By Naseerah Nanabhai
In 1994, the democratic government declared March 21st Human Rights Day, to commemorate and honour those who fought for the attainment of democracy in South Africa. The day is historically linked with the events of March 21st, 1960, at Sharpeville.
On that day, a peaceful crowd had gathered to protest against Pass laws, they were met with police who opened fire killing 69 people and leaving 180 wounded. The events of that day also referred to as the ‘Sharpeville massacre’, is noted as an assertion by ordinary citizens, rising in harmony and unity to declare their rights.
This year, Human Rights Day coincides with the 25th anniversary of the adoption of the Constitution. The constitution is a guard against violations of our human rights, a privilege that was denied to the majority of people during the apartheid regime.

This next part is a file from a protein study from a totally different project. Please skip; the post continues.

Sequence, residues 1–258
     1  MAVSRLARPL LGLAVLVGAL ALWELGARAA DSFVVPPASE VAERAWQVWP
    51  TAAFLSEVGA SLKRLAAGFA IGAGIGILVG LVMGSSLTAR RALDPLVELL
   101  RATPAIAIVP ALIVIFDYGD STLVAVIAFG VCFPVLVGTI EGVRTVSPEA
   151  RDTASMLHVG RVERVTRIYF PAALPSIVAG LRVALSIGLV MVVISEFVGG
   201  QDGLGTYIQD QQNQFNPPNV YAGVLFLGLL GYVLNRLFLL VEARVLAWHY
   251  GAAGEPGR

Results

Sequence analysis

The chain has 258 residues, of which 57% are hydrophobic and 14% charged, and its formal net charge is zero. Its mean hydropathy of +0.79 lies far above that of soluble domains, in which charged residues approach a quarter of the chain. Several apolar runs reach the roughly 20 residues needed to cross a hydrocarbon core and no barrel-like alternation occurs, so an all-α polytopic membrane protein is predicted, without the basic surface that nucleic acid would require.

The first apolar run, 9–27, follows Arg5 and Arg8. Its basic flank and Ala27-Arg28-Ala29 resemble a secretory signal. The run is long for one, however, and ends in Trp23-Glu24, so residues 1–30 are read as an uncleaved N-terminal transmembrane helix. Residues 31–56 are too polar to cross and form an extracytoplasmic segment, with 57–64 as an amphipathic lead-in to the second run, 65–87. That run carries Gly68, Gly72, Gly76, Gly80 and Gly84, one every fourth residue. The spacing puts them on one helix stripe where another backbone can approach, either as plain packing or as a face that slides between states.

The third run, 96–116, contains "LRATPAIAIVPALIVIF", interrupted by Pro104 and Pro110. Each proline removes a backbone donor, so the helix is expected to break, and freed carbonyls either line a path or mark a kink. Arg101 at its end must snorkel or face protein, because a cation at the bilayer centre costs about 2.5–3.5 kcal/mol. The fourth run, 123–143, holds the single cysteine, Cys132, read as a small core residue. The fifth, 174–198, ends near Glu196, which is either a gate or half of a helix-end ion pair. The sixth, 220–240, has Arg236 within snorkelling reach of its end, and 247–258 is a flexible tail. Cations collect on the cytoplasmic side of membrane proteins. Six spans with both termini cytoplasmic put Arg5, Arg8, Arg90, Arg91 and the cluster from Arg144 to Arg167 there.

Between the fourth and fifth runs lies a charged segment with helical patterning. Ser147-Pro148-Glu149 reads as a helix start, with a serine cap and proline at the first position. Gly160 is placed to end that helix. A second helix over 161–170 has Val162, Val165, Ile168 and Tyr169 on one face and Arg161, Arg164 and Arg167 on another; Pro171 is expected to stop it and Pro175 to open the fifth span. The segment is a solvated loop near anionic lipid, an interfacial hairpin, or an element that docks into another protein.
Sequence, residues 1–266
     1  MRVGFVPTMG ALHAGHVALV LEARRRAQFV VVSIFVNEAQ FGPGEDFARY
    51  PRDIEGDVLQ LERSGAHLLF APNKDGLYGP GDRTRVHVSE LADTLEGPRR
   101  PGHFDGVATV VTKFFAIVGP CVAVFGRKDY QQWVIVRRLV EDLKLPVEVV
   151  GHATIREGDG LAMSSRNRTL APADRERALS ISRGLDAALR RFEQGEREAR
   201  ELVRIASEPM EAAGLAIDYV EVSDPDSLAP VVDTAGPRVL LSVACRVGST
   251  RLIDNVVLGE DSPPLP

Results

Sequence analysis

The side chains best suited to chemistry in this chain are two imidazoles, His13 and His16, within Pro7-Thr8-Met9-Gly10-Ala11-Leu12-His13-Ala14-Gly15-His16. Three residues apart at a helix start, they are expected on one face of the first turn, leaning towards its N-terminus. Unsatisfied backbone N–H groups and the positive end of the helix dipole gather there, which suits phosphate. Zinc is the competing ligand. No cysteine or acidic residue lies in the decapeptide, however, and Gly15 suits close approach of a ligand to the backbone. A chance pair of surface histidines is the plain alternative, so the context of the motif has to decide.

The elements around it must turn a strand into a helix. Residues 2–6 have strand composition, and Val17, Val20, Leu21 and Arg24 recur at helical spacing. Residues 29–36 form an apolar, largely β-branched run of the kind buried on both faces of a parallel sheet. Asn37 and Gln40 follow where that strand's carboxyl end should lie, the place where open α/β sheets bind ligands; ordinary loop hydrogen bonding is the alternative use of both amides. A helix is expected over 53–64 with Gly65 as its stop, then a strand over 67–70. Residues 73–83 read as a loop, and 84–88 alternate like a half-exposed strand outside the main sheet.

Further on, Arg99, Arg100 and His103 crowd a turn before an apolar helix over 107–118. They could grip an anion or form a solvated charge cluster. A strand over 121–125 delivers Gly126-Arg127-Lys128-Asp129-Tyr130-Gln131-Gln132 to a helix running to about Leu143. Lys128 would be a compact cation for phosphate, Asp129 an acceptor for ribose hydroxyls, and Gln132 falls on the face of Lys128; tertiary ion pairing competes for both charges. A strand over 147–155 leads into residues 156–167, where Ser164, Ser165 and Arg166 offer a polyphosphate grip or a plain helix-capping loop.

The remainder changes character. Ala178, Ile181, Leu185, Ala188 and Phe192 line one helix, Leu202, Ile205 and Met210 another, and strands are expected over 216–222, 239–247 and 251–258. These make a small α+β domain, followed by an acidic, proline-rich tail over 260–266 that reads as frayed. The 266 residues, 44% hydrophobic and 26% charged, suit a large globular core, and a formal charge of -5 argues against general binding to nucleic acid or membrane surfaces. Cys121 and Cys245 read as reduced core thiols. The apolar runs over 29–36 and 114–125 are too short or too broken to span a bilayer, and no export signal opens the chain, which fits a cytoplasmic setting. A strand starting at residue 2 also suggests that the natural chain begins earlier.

Our Constitution is recognized as one of the most progressive in the world. In commemorating Human Rights Day, we reinforce our commitment to the Bill of Rights as enshrined in our Constitution. These rights include the right to equality, human dignity, freedom of movement and residence, language and culture, and life.
The liberty we envision for our country’s future is up to us to establish. Let us use Human Rights Day to foster greater social cohesion, nation-building, and a shared national identity. It is up to us to contest afflictions such as racism, racial discrimination, xenophobia, and all related intolerances as well as gender-based violence and femicide, which are all damaging our human rights culture.